On a practical level, we can make demands of our elected officials.  We can insist, through letter-writing, supporting reform campaigns, even visiting with them, on just and humane reform that is people-first.  The United States Conference of Catholic Bishops runs a “Justice for Immigrants” site with news, information, and an “action center” to help coordinate these efforts. Likewise, the Ignatian Solidarity Network has designed immigration as one of their focus issues for the Ignatian Family Action Month this February; they have resources available as well.  Read, learn, discuss, pray.  Then do something.

And we can change our starting point.  A just and humane approach to immigration will not start from a particular “conservative” or “liberal” policy, or even from a question of “amnesty” versus “security.”  It starts by letting ourselves hear a prophetic voice and continues in challenging both ourselves and policy makers to see immigrants as children of God first, and as “legal” or “illegal” second.  We can start by recognizing our common humanity, and let that guide us toward resolutions of the real problems that our country faces from immigration.


When the young Guinean woman finished telling me her story and answering my few questions I took a few deep breaths to gather up my courage.  I looked up at her again.  It felt like she already knew there was nothing I could do.  And then, looking at me, she smiled.

I looked back.  How could I just dismiss her story, her life in those six words?  How could they be true?  I said them anyway: “There’s nothing I can do.”

Of course it’s not all I said.  I also thanked her, for telling her story, for sharing with me, for letting me be part of that story if only for a moment.  I told her that things could change.

She seemed to understand.  Then she rose from her seat and took my hand and said “Thank you” herself.  I was used to this.  As a lawyer, many clients and potential clients say the same.  But this woman for whom I could do nothing, she offered me a thank you for listening.

It’s only a beginning, listening, but it is a beginning.

— — — — —

  1. Full disclosure: I graduated from the University of Wisconsin Law School in December 2005 and practiced criminal defense and family law in the Madison, WI area before entering the Jesuits.  I became involved in immigration first as a volunteer attorney for Catholic Charities Milwaukee and recently as a consultant to a legal aid office in New York.  This means two things: 1) even though I know a good bit of law, I’m not an immigration specialist, and 2) I live in the sure and certain hope that heaven begins with a brat and a beer on the Memorial Union Terrace at Lake Mendota.  On Wisconsin.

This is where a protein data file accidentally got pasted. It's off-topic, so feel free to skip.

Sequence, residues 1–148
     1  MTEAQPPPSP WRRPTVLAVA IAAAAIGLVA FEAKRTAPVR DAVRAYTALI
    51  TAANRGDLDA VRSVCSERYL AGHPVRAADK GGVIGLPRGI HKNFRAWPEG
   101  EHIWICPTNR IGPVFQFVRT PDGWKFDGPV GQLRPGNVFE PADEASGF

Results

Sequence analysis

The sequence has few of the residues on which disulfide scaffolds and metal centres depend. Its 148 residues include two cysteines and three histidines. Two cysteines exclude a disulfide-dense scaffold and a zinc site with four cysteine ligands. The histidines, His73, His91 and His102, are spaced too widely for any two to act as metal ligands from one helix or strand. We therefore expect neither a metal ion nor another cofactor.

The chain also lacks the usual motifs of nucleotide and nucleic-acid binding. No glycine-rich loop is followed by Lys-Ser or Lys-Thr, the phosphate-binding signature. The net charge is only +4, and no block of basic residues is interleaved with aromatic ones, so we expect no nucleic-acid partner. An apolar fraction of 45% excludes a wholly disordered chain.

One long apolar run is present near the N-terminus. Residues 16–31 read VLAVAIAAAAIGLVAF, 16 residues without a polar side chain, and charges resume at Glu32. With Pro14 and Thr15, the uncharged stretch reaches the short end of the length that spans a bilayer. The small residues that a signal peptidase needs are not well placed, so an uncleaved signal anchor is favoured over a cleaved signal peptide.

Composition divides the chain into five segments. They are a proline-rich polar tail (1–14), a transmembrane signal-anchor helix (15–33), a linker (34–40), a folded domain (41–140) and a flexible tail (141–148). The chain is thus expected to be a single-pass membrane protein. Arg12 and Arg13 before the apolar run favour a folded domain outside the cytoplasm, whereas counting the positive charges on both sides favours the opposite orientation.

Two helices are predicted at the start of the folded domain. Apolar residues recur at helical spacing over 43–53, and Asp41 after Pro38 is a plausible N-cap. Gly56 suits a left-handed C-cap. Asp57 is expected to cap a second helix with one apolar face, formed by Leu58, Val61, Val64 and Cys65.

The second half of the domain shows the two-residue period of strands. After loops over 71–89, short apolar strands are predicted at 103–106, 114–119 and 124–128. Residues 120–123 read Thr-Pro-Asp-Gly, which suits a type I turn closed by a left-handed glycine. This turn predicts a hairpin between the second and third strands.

2. Since the election, we can see that both parties have focused on immigration reform for the upcoming Congress to consider. Take a look at the Democrat and Republican plans.
  3. Quotas are set by law through the Immigration and Nationality Act, as amended.  The formula can be found beginning in Section 201 of that Act.  For 2012, family-based immigration was capped at 226,000.
  4. We know these numbers because each month the State Department issues a bulletin to let us know how fast the applicant line is moving – you can find the November bulletin on their website.
  5. The Bulletin shows that the situation for employment-based immigration is somewhat better.  Most of those dates are current, although the ones that are backlogged are backlogged substantially.  I.e., over an 8-year wait for Indian holders of advanced degrees, and about half a decade for most skilled workers (see category 3).  We ought also to note that little of this helps the many low-income or agricultural workers, as most of the employment classifications are for skilled workers with advanced degrees.  Unskilled workers are not guaranteed their own class of visas, filling instead the same category as workers requiring 2 years training or 4-year college degrees.
  6. Which, if you’ll grant me a lawyerly aside, are not actually courts with independent judges with life tenure and salary guarantees. Immigration courts are run by the Department of Justice through the Executive Office of Immigration Review and immigration judges are appointed by the Attorney General and are his delegates to make immigration decisions.
  7. Two points here: first, it’s notable that those waiting for trial aren’t actually classified as criminals because immigration is, legally and constitutionally, a civil issue.  Second, the interactive backlog tool is available here if you want to check my numbers.
  8. There are actually very few immigration crimes – fraud, smuggling, and re-entry after having been ordered removed, are the major ones.  Even unauthorized entry is not generally a crime.  And, as noted above, just under 26,000 of the 325,000+ cases pending in immigration courts are classified as criminal or security issues.  The term is genuinely misleading.

Nathaniel Romano, SJ